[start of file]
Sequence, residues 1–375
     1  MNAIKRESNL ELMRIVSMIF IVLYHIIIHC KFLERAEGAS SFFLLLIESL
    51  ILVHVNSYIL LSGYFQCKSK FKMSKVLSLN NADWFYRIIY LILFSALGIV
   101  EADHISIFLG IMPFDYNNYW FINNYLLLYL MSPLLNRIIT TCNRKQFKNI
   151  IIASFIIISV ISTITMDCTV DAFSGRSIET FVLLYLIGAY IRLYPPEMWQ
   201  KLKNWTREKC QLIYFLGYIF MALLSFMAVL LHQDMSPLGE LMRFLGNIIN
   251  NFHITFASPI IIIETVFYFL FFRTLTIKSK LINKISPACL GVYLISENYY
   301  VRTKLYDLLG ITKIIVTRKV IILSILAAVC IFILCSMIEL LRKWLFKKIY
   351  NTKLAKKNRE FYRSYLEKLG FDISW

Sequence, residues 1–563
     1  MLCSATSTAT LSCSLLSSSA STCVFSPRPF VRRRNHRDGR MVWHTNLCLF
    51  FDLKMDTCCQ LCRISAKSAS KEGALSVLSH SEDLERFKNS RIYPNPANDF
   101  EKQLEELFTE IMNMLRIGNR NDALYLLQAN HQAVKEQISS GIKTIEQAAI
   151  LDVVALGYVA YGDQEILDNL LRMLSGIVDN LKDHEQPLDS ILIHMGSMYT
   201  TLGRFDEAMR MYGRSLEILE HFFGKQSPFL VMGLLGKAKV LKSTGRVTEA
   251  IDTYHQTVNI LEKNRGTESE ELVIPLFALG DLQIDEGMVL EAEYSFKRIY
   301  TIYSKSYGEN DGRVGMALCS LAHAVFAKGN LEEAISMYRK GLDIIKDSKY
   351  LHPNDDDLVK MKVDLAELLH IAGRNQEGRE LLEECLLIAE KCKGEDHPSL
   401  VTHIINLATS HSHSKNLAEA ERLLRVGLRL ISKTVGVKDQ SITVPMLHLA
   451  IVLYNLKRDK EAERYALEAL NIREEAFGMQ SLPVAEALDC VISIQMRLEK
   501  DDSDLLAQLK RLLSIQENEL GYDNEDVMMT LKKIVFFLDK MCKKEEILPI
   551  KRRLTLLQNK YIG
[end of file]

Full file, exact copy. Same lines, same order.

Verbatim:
Sequence, residues 1–375
     1  MNAIKRESNL ELMRIVSMIF IVLYHIIIHC KFLERAEGAS SFFLLLIESL
    51  ILVHVNSYIL LSGYFQCKSK FKMSKVLSLN NADWFYRIIY LILFSALGIV
   101  EADHISIFLG IMPFDYNNYW FINNYLLLYL MSPLLNRIIT TCNRKQFKNI
   151  IIASFIIISV ISTITMDCTV DAFSGRSIET FVLLYLIGAY IRLYPPEMWQ
   201  KLKNWTREKC QLIYFLGYIF MALLSFMAVL LHQDMSPLGE LMRFLGNIIN
   251  NFHITFASPI IIIETVFYFL FFRTLTIKSK LINKISPACL GVYLISENYY
   301  VRTKLYDLLG ITKIIVTRKV IILSILAAVC IFILCSMIEL LRKWLFKKIY
   351  NTKLAKKNRE FYRSYLEKLG FDISW

Sequence, residues 1–563
     1  MLCSATSTAT LSCSLLSSSA STCVFSPRPF VRRRNHRDGR MVWHTNLCLF
    51  FDLKMDTCCQ LCRISAKSAS KEGALSVLSH SEDLERFKNS RIYPNPANDF
   101  EKQLEELFTE IMNMLRIGNR NDALYLLQAN HQAVKEQISS GIKTIEQAAI
   151  LDVVALGYVA YGDQEILDNL LRMLSGIVDN LKDHEQPLDS ILIHMGSMYT
   201  TLGRFDEAMR MYGRSLEILE HFFGKQSPFL VMGLLGKAKV LKSTGRVTEA
   251  IDTYHQTVNI LEKNRGTESE ELVIPLFALG DLQIDEGMVL EAEYSFKRIY
   301  TIYSKSYGEN DGRVGMALCS LAHAVFAKGN LEEAISMYRK GLDIIKDSKY
   351  LHPNDDDLVK MKVDLAELLH IAGRNQEGRE LLEECLLIAE KCKGEDHPSL
   401  VTHIINLATS HSHSKNLAEA ERLLRVGLRL ISKTVGVKDQ SITVPMLHLA
   451  IVLYNLKRDK EAERYALEAL NIREEAFGMQ SLPVAEALDC VISIQMRLEK
   501  DDSDLLAQLK RLLSIQENEL GYDNEDVMMT LKKIVFFLDK MCKKEEILPI
   551  KRRLTLLQNK YIG